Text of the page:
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UPDATE 1-Nigerian cenbank governor says oil revenues hikes helps to defend naira
May 4, 2017 / 3:10 PM / 3 months ago

UPDATE 1-Nigerian cenbank governor says oil revenues hikes helps to defend naira

(Adds details, quotes, background)

ABUJA, May 4 (Reuters) - A recent rise in oil revenues has helped the central bank to defend the naira and stabilise the parallel market foreign exchange rate, central bank governor Godwin Emefiele said on Thursday.

Nigeria has suffered from dollar shortages as a slump in oil revenues has hammered the currency and dried up supplies of the greenback on official channels, forcing traders to pay a premium on the parallel market.

"The market is stabilising at the level that it is right now and I am saying the parallel market (is) currently stabilising at between 380 and 385 naira (a dollar)," Emefiele said after meeting President Muhammadu Buhari.

The naira was quoted on Thursday at an investor trading window at 382.14 per dollar, data from market regulator FMDQ OTC Securities Exchange showed. The official market rate was 305.20 and the black market rate 391.

"Revenues are looking good, the state of the economy is good and I believe that we are going to pull out of the problem in due course," Emefiele said, talking about the foreign exchange rate.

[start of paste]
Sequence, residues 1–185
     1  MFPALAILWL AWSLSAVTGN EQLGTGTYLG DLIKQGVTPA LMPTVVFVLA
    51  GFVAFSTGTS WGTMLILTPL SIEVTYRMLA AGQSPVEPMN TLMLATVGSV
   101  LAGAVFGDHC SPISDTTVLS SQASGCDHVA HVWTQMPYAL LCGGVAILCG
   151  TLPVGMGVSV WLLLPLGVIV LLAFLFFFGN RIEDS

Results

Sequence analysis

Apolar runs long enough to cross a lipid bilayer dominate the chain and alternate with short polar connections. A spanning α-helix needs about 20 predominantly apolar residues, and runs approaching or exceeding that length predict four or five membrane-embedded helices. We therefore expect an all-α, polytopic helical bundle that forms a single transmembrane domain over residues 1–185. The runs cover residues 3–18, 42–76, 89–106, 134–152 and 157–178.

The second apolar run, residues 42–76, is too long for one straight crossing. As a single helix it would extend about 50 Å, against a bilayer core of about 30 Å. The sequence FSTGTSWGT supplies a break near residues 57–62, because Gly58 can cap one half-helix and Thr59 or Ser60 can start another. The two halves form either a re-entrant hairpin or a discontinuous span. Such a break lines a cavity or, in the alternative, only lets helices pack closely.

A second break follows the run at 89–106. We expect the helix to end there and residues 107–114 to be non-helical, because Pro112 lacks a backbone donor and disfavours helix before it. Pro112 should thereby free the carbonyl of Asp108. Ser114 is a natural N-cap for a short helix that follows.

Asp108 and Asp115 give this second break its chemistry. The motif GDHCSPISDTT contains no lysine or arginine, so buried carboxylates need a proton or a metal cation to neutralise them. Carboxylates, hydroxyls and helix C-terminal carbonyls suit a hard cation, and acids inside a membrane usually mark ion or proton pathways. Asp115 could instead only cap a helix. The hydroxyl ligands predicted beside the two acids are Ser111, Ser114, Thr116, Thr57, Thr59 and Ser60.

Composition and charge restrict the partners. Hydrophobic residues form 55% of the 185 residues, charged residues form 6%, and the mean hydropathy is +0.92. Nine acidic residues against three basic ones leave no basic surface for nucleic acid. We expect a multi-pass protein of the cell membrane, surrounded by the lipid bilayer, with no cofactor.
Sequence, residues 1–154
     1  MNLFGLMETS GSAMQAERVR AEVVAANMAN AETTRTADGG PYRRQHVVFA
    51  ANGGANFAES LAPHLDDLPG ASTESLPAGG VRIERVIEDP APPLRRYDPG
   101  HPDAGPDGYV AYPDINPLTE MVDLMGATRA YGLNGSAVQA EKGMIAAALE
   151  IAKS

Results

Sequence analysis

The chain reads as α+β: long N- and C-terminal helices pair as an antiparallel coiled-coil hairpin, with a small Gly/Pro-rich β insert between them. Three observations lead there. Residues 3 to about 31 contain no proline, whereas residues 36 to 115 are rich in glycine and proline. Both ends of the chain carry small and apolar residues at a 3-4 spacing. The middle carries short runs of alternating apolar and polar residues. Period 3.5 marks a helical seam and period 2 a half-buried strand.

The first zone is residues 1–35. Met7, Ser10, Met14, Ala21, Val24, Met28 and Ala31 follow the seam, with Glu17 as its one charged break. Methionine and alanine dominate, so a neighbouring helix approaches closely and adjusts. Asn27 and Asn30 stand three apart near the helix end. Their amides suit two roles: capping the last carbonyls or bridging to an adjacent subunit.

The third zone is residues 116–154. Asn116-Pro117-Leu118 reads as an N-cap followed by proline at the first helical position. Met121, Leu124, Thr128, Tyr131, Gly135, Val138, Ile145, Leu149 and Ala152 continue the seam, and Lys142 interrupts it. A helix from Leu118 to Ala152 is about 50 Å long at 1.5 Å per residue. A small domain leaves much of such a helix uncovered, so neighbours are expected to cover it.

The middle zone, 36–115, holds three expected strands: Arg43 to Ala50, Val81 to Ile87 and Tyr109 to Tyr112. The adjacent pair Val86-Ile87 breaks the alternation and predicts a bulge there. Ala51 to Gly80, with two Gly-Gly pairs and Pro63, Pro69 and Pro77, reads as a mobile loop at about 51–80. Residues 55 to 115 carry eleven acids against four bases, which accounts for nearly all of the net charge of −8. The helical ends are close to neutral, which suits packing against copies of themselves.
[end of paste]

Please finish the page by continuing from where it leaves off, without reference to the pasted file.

The central bank earlier lifted a ban on currency allocation for importers bringing in goods worth up to $20,000 per quarter, according to a circular seen by Reuters on Thursday.

The bank in 2015 placed a restriction on 41 items for which importers could no longer get dollars, including rice, toothpicks, cement, private jets, steel products, plastics and rubber, soap, cosmetics, furniture, Indian incense and foreign bonds.

Nigeria introduced capital controls in 2015 after a sharp fall in oil prices caused chronic dollar shortages, weakened its currency and slashed government revenues, tipping the economy into its first recession in a quarter of a century last year.

It subsequently introduced and then abandoned a currency peg and now uses a system of multiple exchange rates which the bank says help it manage "frivolous" dollar demand. (Reporting by Felix Onuah; Writing by Ulf Laessing; Editing by Tom Heneghan)

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